Comparison 2. To illustrate potential benefits of policies that influence the way they learn we also compare to SSA applied to a primitive ``self-modifying policy'' (SMP) with two modifiable parameters: (with same meaning as above) and ``learning rate'' (initially 0). After each checkpoint, is replaced by , then is replaced by . In this sense SMP itself influences the way it changes, albeit in a way that is much more limited than the one in previous papers [Schmidhuber, Zhao, SchraudolphSchmidhuber et al.1997a,SchmidhuberSchmidhuber1999]. If then it will be randomly set to either or . If ( ) then it will be replaced by 0.5 (-0.5). If () then it will be set to 1 (0).
One apparent danger with this approach is that accelerating the learning rate may result in unstable behavior. We will see, however, that SSA precisely prevents this from happening by eventually undoing those learning rate modifications that are not followed by reliable long-term performance improvement.
Results. For all three methods Figure 1 plots lifelong cumulative reward (mean of 100 independent runs) against varying from 10 to 600 pulls with a step size of 10 pulls. For most values of , SHC fails to realize the long-term benefits of choosing arm A. SSA/SHC, however, always yields satisfactory results because it does not care whether is much too short to obtain statistically significant policy evaluations. Instead it retrospectively readjusts the ``effective'' trial starts: at any given checkpoint, each previous checkpoint in marks the begin of a new trial lasting up to the current checkpoint. Each such trial start corresponds to a lifelong reward-acceleration. The corresponding policy modifications gain more and more empirical justification as they keep surviving successive SSA calls, thus becoming more and more stable.
Still, SSA/SHC's performance slowly declines with increasing since this implies less possible policy changes and less effective trials due to limited life-time. SSA/SMP (comparison 2), however, does not much suffer from this problem since it boldly increases the learning rate as long as this is empirically observed to accelerate long-term reward intake. As soon as this is not the case any longer, however, SSA prevents further learning rate accelerations, thus avoiding unstable behavior. This primitive type of learning algorithm self-modification outperforms SSA/SHC. In fact, some of the surviving effective trials may be viewed as "metalearning trials": SSA essentially observes the long term effects of certain learning rates whose values are influenced by the policy itself, and undoes those that tend to cause ``bad" additional policy modifications setting the stage for worse performance in subsequent trials.
Trials Shorter Than Delays. We also tested the particularly interesting case . Here SHC and other direct methods fail completely because the policy tested during the current trial has nothing to do with the test outcome (due to the delays). The SSA/SHC combination, however, still manages to collect cumulative performance of around 150,000. Unlike with SHC (and other direct methods) there is no need for a priori knowledge about ``good'' trial lengths, exactly because SSA retrospectively adjusts the effective trial sizes.
Comparable results were obtained with much longer delays. In particular, see a recent article [SchmidhuberSchmidhuber1999] for experiments with much longer life-times and unknown delays of the order of time steps.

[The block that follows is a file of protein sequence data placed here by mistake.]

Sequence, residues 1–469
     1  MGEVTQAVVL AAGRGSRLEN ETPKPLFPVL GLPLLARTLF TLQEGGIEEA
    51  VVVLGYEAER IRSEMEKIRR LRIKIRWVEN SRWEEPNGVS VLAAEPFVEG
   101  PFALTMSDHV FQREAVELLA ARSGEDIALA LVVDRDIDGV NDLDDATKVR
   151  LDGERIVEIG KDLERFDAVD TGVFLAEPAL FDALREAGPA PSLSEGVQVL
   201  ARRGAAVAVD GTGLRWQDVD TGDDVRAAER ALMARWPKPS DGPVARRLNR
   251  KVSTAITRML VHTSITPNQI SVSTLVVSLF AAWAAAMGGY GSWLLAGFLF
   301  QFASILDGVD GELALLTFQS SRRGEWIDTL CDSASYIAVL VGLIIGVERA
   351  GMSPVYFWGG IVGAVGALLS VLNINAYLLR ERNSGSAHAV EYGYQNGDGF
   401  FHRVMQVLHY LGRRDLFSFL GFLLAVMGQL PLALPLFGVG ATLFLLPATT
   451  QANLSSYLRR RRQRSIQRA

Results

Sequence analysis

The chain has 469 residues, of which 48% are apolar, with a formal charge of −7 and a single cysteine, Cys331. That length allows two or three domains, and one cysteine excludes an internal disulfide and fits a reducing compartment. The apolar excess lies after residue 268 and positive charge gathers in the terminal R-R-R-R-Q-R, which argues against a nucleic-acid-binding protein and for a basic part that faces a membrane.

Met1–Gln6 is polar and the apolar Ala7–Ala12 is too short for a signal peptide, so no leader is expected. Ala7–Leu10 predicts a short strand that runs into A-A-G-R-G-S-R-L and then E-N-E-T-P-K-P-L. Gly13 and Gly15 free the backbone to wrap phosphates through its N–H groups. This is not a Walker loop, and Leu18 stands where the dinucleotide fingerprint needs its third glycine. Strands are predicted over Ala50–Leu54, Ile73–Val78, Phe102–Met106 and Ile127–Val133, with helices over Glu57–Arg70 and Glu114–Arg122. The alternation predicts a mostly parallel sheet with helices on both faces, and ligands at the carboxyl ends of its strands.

A Complex Partially Observable Environment. This section's focus is on clarifying SSA's advantages over traditional DS in the simplest possible setting. It should be mentioned, however, that there have been much more challenging SSA applications in partially observable environments, which represent a major motivation of direct methods because most traditional RL methods are not applicable here. For instance, a previous paper [Schmidhuber, Zhao, SchraudolphSchmidhuber et al.1997a] describes two agents A and B living in a partially observable pixel environment with obstacles. They learn to solve a complex task that could not be solved by various TD() Q-learning variants [LinLin1993]. The task requires (1) agent A to find and take a key ``key A''; (2) agent A go to a door ``door A'' and open it for agent B; (3) agent B to enter through ``door A'', find and take another key ``key B''; (4) agent B to go to another door ``door B'' to open it (to free the way to the goal); (5) one of the agents to reach the goal. Both agents share the same design. Each is equipped with limited ``active'' sight: by executing certain instructions, it can sense obstacles, its own key, the corresponding door, or the goal, within up to 50 pixels in front of it. The agent can also move forward, turn around, turn relative to its key or its door or the goal. It can use short-term memory to disambiguate inputs -- unlike Jaakkola et al.'s method (1995), ours is not limited to finding suboptimal stochastic policies for POEs with an optimal solution. Each agent can explicitly modify its own policy via special actions that can address and modify the probability distributions according to which action sequences (or ``subprograms") are selected (this also contributes to making the set-up highly non-Markovian). Reward is provided only if one of the agents touches the goal. This agent's reward is 5.0; the other's is 3.0 (for its cooperation -- note that asymmetric reward also introduces competition). Due to the complexity of the task, in the beginning the goal is found only every 300,000 actions on average (including actions that are primitive LAs and modify the policy). No prior information about good initial trial lengths is given to the system. Through self-modifications and SSA, however, within 130,000 goal hits ( actions) the average trial length decreases by a factor of 60 (mean of 4 simulations). Both agents learn to cooperate to accelerate reward intake, by retrospectively adjusting their effective trial lengths using SSA.
While this previous experimental research has already demonstrated SSA's applicability to large-scale partially observable environments, a study of why it performs well has been lacking. In particular, unlike the present work, previous work [Schmidhuber, Zhao, SchraudolphSchmidhuber et al.1997a] did not clearly identify SSA's fundamental advantages over alternative DS methods.